3. Remember - if retrieved from depths greater than 10 metres fish may suffer barotrauma (they'll look inflated) from the expanding gases in their internal organs. If suffering barotrauma itís important to return fish back to depth quickly! Propel fish head first back into the water or use a release weight if the fish cannot return to depth without assistance.


4. Use knotless 'enviro' style landing nets so that your fish does not lose its protective coating of slime! This layer of protective slime keeps all the nasty organisms and bacteria off the fish.


5. Remove hooks swiftly and swim your fish as soon as possible to ensure its survival! A fish will only survive, without damage, for as long as you can hold your breath! Donít keep fish out of the water for more then 30 seconds!




Silver perch


Silver perch. Photo: Gunther Schmida

While historically widespread over much of the Murray-Darling Basin (apart from the upper reaches), Silver perch has now declined over most of its range.  The three main reasons for the decline of this species are the disruption of migratory and breeding patterns as a result of dams, weirs and flow patterns, the impacts of carp and redfin, and cold water released from the base of large dams.

Silver perch can grow to 8 kilograms and 50 centimetres, although commonly specimens are less than 2 kilograms and 35 centimetres.  They prefer similar habitats to Golden perch and Murray cod Ė lowland, slow-flowing rivers.  

Silver perch are omnivorous, preferring aquatic plants, snails, shrimps and aquatic insect larvae. The species migrates upstream in spring and summer to spawn, often forming large schools.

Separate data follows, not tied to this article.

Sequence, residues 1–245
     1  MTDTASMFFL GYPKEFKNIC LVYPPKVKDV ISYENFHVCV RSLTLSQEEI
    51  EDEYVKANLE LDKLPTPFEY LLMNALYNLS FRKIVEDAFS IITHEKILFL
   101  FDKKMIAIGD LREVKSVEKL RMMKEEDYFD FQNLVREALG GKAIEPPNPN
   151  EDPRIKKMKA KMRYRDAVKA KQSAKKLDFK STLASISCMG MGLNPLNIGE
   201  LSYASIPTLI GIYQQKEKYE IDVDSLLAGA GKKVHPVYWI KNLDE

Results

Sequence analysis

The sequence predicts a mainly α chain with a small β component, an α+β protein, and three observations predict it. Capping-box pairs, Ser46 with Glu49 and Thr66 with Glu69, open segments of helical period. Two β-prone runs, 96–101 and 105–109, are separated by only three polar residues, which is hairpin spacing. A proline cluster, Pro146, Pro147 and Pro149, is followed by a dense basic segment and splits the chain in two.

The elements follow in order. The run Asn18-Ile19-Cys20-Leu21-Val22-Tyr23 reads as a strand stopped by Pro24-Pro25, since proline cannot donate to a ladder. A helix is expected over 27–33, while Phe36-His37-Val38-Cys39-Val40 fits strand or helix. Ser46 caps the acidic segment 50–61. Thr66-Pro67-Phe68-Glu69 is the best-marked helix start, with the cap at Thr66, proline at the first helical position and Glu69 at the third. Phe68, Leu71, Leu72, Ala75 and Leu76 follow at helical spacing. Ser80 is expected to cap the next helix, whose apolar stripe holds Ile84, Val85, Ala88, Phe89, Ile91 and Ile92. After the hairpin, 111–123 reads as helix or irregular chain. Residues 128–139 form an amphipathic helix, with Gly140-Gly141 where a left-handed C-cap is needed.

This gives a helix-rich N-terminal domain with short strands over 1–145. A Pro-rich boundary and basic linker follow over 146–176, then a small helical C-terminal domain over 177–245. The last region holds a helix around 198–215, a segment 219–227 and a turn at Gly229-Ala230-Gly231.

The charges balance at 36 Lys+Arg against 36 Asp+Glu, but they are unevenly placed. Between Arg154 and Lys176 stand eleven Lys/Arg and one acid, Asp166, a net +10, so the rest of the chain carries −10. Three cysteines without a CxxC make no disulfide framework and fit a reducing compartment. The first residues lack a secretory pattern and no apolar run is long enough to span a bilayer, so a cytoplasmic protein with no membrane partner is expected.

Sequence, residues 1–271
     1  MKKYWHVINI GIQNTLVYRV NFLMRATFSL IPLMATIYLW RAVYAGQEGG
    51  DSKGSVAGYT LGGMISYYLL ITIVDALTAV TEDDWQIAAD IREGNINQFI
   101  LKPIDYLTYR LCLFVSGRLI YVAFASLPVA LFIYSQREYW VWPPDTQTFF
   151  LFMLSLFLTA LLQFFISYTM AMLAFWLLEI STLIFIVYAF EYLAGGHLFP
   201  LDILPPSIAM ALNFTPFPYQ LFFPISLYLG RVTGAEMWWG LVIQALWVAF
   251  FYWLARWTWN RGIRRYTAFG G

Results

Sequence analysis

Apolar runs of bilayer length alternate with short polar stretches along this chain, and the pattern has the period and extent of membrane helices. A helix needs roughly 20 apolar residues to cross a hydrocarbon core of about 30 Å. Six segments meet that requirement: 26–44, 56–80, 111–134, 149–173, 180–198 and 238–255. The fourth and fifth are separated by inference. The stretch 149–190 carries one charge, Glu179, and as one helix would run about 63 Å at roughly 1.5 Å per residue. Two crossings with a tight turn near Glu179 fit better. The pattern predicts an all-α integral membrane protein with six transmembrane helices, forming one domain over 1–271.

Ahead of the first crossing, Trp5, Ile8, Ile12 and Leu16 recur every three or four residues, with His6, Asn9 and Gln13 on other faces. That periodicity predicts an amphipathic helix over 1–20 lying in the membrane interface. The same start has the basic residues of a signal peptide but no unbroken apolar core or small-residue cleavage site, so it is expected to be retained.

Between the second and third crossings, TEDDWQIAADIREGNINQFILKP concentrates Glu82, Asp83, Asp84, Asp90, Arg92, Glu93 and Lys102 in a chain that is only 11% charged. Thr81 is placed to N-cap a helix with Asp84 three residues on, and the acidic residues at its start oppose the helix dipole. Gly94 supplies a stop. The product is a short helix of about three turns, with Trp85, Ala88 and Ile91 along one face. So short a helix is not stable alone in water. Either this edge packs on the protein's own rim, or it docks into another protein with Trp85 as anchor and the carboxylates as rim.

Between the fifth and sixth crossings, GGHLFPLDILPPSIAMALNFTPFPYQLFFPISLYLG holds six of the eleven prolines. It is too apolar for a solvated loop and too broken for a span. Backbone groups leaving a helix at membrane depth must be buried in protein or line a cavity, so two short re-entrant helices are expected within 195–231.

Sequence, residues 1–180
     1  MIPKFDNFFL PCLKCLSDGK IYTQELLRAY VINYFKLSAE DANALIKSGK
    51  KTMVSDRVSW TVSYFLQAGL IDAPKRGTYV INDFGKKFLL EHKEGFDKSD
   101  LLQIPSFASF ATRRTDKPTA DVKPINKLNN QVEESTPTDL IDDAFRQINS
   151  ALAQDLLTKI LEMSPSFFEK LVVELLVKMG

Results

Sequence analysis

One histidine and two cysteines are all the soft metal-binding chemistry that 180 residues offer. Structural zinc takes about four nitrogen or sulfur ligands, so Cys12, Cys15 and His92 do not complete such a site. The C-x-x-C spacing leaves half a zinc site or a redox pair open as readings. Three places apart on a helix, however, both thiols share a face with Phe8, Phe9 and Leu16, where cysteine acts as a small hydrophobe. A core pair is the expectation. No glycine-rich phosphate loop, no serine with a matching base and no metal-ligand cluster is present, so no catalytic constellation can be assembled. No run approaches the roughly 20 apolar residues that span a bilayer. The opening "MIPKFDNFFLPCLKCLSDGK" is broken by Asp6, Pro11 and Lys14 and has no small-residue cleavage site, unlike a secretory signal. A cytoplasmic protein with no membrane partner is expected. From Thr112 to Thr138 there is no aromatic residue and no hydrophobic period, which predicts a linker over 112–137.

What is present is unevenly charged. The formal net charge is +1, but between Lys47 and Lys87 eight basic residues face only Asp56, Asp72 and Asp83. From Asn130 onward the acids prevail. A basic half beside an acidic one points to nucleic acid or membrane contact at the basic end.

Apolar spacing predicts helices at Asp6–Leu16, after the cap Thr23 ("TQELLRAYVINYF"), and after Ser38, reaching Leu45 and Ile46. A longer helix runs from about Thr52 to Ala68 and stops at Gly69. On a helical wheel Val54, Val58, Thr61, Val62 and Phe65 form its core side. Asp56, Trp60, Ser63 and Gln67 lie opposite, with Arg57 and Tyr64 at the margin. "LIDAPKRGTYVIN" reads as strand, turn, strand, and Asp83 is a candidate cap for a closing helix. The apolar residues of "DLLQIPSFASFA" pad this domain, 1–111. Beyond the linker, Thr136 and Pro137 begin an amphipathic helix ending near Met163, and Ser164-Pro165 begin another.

Silver perch is listed as a threatened species in NSW, and any fish caught must be released immediately.  However, the species is widely stocked in farm dams and reservoirs, and fishing in these waterbodies (such as Lake Burrendong) is permitted, subject to size and bag limits.

Freshwater catfish


Although Freshwater catfish (Eeltail catfish) are usually less than 2 kilograms and 50 centimetres, they have been known to reach nearly 7 kilograms and 90 centimetres.  Preferring slow-flowing streams and lakes, the species spawns in spring and summer when water temperatures reach 20-24 degrees. Unlike the other catchable species in the Basin, Freshwater catfish form a nest consisting of an oval depression, constructed mainly from pebbles and gravel, which is guarded by the male. It is a carnivorous species, eating shrimps, yabbies, small fish, snails and aquatic insects, and feeds mainly at dusk and in the early evening. Freshwater catfish is also a relatively sedentary species and rarely moves more than 5 kilomtres.

Historically Freshwater catfish were widespread throughout the Basin, although most riverine populations have declined dramatically in the last 40 years.  Several threats have contributed to this decline, including barriers to movement, cold water discharges from large dams, increased salinity, changes to natural flow patterns, and the impacts of Redfin and Carp (which is thought to destroy nests due to its bottom-feeding behaviour).

In the Macquarie River it is illegal to catch Freshwater catfish, although it may be taken from stocked private dams and Lake Burrendong.